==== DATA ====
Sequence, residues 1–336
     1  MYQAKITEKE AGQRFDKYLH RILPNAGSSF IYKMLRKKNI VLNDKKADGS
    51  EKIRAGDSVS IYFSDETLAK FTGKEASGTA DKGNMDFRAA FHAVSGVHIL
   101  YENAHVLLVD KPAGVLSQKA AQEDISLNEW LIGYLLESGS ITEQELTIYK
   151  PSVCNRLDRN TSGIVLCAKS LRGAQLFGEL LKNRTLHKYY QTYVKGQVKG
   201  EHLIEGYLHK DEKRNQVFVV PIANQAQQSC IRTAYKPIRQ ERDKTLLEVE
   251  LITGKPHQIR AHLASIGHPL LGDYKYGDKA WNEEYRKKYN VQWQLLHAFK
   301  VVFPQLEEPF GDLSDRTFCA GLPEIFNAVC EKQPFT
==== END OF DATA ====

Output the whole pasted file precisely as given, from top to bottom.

Sequence, residues 1–336
     1  MYQAKITEKE AGQRFDKYLH RILPNAGSSF IYKMLRKKNI VLNDKKADGS
    51  EKIRAGDSVS IYFSDETLAK FTGKEASGTA DKGNMDFRAA FHAVSGVHIL
   101  YENAHVLLVD KPAGVLSQKA AQEDISLNEW LIGYLLESGS ITEQELTIYK
   151  PSVCNRLDRN TSGIVLCAKS LRGAQLFGEL LKNRTLHKYY QTYVKGQVKG
   201  EHLIEGYLHK DEKRNQVFVV PIANQAQQSC IRTAYKPIRQ ERDKTLLEVE
   251  LITGKPHQIR AHLASIGHPL LGDYKYGDKA WNEEYRKKYN VQWQLLHAFK
   301  VVFPQLEEPF GDLSDRTFCA GLPEIFNAVC EKQPFT